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Unity goes open source with 'select components'

Company reveals future blueprint at Unite 2014
Unity goes open source with 'select components'

Unity used its annual conference Unite, currently taking place in Seattle, to reveal that select components of the engine are to be open source moving forward.

Starting with the platform's test tools and much anticipated UI system, the firm said it is looking to learn from its userbase, encouraging them to make changes to the engine's components for the good of the community.

The company says the Unity Test Tools source will be made public via BitBucket allowing developers to "fork, modify, and even open pull requests with contributions". The source will be released under an MIT/X11 license.

Unity CEO David Helgason also used his keynote to lift the lid on a collaboration with Intel designed to ensure the engine runs fully with its x86 chips for smartphones. Unity is also working with Google to deliver full support for the giant's Android TV set top box, with units given away to developers in attendance.

Changing times

Elsewhere in his presentation, Helgason stressed the importance of "listening and learning" from the needs of Unity's userbase, claiming he had never dreamt things would "go so much further and unite the industry."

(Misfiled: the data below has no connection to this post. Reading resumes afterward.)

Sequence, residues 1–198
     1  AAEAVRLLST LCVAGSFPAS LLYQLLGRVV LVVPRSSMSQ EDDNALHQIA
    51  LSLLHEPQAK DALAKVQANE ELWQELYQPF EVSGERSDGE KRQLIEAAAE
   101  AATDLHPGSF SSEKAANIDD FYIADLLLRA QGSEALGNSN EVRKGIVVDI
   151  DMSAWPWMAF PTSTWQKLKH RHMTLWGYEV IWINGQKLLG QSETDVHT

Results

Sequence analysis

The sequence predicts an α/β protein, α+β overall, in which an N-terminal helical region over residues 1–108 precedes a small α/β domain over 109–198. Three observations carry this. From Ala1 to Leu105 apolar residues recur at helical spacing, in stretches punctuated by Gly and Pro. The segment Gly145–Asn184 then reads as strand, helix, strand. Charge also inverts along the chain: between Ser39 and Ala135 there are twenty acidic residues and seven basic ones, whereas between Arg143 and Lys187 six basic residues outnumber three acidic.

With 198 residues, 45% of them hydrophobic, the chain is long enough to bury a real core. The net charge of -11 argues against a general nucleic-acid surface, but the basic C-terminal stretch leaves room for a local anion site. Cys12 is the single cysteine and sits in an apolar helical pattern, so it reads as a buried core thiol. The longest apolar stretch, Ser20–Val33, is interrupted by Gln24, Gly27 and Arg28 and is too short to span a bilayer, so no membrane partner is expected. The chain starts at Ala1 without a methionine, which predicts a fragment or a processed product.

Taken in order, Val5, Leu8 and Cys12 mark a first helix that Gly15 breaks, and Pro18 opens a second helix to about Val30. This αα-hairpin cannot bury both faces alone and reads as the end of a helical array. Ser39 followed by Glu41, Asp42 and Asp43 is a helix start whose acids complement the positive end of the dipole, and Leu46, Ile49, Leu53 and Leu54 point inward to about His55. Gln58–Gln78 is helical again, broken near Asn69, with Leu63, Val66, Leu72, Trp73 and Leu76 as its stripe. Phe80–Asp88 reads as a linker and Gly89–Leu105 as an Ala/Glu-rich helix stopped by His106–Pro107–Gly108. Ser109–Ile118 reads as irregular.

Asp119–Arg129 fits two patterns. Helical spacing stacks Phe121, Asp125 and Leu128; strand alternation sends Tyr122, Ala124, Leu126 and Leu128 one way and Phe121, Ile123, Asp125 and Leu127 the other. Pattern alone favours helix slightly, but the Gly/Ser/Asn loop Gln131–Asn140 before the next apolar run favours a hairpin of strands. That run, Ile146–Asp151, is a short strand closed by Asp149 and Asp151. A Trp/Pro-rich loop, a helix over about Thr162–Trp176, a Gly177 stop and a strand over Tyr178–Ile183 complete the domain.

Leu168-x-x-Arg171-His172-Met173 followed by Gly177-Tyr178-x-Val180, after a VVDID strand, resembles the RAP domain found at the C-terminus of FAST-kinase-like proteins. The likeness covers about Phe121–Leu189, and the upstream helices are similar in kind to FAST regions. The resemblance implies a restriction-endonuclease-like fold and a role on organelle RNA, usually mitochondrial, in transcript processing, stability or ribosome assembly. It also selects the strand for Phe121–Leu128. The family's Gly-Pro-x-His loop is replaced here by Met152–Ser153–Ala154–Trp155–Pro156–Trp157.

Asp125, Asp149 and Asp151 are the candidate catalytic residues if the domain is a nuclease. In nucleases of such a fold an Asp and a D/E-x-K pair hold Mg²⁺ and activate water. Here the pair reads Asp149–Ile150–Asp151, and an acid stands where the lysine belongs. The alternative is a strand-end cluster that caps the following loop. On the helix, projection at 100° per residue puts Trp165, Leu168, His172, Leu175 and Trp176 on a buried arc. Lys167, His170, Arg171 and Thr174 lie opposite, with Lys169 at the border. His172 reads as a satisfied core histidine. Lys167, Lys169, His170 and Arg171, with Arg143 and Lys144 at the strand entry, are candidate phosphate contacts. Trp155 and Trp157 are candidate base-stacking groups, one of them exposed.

Helgason on stage
Helgason on stage

"This is such a rich industry with such strange opportunities and challenges, it's been such an honour to help you guys move freely grab those opportunities," continued Helgason.

"A few years ago people would talk about going to multiple platforms, like Windows and Mac – but those are pretty similar platforms. Now even smaller studios are able to go much broader.

“This is such a rich industry with such strange opportunities and challenges.”
David Helgason

"A lot of you guys who grew up with Unity on mobile are now even taking your skills back to PC."

The game never ends

Helgason also enthused about Metal – Apple's new iOS only graphics API – claiming it is "showing a lot of promise."

"Your problems don't end with creating a game. They end...never," said Helgason to much laughter from the crowd. "That's a true story. Been there done that.

"Once you've created a game there are a number of other challenges. You take your game and connect it with an audience. How to connect with an audience – can I find players and monetise them, things like that.

"We have come to the conclusion that we have to be an end-to-end development platform."

You can find out more about Unity's drive towards open source on the firm's blog.